55 July 2009 Darrell M. Wilson, MD (Stanford)Slide 55Submission Doc: What we would like to see in a Body Area Network A stable, company neutral system to reliably exchange data among diabetes related devices –External alarms –Activity monitors –GPS –Phone –External communication devices –Ear buds?

56 July 2009 Darrell M. Wilson, MD (Stanford)Slide 56Submission Doc: What we would like to see in a Body Area Network Note the difference – NOT just a sensor network –Insulin infusion devices –Insulin infusion algorithm NOW we are infusing insulin, a potential lethal medicine

57 July 2009 Darrell M. Wilson, MD (Stanford)Slide 57Submission Doc: What we would like to see in a Body Area Network High security High specificity

58 July 2009 Darrell M. Wilson, MD (Stanford)Slide 58Submission Doc: What we would like to see in a Body Area Network Bidirectional communications between devices with confirmation and error checking Reasonable transmission range –thru the body at least Monitoring of BAN status Fails safely with clear warnings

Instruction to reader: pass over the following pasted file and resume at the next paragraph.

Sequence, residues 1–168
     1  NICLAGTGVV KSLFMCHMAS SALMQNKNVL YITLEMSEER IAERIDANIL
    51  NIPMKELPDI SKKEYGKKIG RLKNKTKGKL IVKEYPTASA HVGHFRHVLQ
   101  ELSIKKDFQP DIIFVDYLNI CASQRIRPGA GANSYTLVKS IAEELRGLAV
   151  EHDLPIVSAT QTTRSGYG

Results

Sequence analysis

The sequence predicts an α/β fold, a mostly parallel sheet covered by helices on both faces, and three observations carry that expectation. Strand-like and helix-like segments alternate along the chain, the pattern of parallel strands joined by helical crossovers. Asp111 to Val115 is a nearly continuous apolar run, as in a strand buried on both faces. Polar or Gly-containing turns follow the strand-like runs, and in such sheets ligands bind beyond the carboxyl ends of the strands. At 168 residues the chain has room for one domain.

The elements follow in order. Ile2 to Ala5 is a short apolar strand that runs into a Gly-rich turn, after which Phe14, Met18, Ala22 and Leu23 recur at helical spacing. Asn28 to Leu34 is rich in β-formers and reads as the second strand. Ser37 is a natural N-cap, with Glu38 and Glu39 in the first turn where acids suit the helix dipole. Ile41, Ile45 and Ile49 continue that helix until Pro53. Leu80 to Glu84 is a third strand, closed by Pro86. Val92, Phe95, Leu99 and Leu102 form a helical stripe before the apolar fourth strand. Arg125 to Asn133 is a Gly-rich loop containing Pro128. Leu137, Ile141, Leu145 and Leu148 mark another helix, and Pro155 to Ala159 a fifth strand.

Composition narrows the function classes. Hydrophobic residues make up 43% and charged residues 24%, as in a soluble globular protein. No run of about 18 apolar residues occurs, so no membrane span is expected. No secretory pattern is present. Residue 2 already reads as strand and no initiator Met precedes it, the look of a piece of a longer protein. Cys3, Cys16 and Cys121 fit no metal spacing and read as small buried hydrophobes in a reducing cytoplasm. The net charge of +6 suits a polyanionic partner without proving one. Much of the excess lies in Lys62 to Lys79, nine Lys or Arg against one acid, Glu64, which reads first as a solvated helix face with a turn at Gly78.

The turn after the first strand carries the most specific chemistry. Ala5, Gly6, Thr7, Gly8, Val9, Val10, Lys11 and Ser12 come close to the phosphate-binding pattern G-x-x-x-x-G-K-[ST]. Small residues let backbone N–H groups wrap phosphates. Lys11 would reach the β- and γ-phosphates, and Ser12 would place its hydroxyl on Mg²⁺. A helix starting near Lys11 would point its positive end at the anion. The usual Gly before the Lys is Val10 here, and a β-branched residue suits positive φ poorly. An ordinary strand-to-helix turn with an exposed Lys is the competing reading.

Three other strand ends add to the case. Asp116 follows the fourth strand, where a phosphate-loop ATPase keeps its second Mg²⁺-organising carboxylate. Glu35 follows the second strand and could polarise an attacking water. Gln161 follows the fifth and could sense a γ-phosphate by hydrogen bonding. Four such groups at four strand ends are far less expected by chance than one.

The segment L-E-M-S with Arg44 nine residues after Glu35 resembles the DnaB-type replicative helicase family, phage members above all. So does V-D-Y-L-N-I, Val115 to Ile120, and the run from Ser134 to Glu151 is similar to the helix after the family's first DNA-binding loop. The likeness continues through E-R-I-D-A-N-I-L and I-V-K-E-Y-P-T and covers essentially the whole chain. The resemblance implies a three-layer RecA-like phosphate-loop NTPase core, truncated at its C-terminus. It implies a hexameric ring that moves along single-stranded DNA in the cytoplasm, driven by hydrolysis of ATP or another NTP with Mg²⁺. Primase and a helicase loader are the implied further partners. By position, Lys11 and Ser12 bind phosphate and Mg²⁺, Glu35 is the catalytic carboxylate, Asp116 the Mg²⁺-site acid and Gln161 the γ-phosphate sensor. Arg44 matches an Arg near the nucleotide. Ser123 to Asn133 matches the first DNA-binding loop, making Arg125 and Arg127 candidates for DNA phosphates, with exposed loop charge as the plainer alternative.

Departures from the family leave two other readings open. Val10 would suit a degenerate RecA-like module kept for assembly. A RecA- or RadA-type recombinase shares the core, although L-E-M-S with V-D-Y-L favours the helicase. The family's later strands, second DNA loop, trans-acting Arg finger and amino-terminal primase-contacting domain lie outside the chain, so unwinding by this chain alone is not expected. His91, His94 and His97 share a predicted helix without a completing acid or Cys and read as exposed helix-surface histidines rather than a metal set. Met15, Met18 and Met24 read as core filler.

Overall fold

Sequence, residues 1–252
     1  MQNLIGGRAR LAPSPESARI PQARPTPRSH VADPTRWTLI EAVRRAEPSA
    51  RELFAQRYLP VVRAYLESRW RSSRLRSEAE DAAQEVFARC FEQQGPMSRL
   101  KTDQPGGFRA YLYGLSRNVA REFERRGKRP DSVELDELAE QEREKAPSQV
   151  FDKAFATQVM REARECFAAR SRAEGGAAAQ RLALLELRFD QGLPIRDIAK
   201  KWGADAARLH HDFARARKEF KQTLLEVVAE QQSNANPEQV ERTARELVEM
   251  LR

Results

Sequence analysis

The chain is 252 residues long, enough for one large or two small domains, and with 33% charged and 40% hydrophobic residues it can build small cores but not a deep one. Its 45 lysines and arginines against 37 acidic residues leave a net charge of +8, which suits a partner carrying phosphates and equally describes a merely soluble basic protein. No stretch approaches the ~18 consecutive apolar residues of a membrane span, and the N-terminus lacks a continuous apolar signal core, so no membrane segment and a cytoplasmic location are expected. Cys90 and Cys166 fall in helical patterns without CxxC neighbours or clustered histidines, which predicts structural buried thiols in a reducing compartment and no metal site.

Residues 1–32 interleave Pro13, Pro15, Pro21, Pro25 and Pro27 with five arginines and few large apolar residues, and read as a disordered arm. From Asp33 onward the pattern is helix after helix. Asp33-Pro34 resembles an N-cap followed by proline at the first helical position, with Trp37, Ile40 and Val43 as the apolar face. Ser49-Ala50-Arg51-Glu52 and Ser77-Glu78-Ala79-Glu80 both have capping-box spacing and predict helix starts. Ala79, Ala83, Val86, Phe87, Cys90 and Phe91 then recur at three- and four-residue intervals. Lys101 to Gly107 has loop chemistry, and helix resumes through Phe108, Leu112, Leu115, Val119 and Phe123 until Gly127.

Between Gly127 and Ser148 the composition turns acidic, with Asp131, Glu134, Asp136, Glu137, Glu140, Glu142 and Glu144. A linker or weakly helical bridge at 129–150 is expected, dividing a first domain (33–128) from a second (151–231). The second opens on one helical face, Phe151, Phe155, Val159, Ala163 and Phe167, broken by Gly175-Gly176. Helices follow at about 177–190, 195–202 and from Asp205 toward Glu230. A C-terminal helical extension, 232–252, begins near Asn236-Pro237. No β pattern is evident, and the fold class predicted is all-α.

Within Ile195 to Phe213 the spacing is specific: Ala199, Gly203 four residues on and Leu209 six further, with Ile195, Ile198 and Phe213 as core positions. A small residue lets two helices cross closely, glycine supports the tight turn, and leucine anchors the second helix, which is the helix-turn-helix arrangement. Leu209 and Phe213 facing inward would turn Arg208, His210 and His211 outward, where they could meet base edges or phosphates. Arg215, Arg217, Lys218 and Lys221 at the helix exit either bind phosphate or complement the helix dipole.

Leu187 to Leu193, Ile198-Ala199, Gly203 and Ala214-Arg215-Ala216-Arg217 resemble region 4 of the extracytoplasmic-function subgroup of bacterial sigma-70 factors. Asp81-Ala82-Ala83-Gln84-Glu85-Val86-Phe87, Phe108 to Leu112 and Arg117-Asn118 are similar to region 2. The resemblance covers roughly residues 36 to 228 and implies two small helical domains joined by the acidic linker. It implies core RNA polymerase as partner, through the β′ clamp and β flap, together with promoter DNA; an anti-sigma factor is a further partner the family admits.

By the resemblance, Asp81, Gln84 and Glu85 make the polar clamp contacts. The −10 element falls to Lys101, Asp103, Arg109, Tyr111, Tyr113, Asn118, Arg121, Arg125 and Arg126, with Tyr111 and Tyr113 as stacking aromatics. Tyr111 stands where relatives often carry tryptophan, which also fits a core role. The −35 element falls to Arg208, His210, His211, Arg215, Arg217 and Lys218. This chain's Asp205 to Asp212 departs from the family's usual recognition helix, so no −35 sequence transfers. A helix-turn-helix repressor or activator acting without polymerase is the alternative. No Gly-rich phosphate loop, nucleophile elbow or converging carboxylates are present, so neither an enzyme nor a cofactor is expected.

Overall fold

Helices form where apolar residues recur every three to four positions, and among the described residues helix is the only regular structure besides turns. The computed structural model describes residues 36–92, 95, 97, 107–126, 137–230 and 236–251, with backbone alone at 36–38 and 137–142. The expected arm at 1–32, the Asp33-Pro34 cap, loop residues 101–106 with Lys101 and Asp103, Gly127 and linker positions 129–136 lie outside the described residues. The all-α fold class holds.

59 July 2009 Darrell M. Wilson, MD (Stanford)Slide 59Submission Doc: What we would like to see in a Body Area Network Easily interrogated (downloadable) –Cell phone, internet

60 July 2009 Darrell M. Wilson, MD (Stanford)Slide 60Submission Doc: What we would like to see in a Body Area Network Privacy and safety Privacy vs safety

61 July 2009 Darrell M. Wilson, MD (Stanford)Slide 61Submission Doc: What we would like to see in a Body Area Network And of course –Cheap –Low energy requiring –Long lasting –Green –Easy to use Thanks!


Download ppt "July 2009 Darrell M. Wilson, MD (Stanford)Slide 1Submission Doc: 15-09-0537-00-0006 July 2009 Slide 1 Project: IEEE P802.15 Working Group for Wireless."

Similar presentations


Ads by Google